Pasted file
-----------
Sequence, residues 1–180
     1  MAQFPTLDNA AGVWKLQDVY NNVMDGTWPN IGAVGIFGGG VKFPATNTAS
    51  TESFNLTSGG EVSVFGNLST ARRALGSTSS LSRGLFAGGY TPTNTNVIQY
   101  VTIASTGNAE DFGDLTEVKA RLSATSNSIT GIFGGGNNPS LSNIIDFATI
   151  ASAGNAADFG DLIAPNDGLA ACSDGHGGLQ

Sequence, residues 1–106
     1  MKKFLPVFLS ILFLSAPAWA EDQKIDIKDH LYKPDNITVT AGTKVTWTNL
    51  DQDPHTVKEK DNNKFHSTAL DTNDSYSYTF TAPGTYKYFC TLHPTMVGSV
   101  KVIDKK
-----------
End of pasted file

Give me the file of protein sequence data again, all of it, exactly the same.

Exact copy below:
Sequence, residues 1–180
     1  MAQFPTLDNA AGVWKLQDVY NNVMDGTWPN IGAVGIFGGG VKFPATNTAS
    51  TESFNLTSGG EVSVFGNLST ARRALGSTSS LSRGLFAGGY TPTNTNVIQY
   101  VTIASTGNAE DFGDLTEVKA RLSATSNSIT GIFGGGNNPS LSNIIDFATI
   151  ASAGNAADFG DLIAPNDGLA ACSDGHGGLQ

Sequence, residues 1–106
     1  MKKFLPVFLS ILFLSAPAWA EDQKIDIKDH LYKPDNITVT AGTKVTWTNL
    51  DQDPHTVKEK DNNKFHSTAL DTNDSYSYTF TAPGTYKYFC TLHPTMVGSV
   101  KVIDKK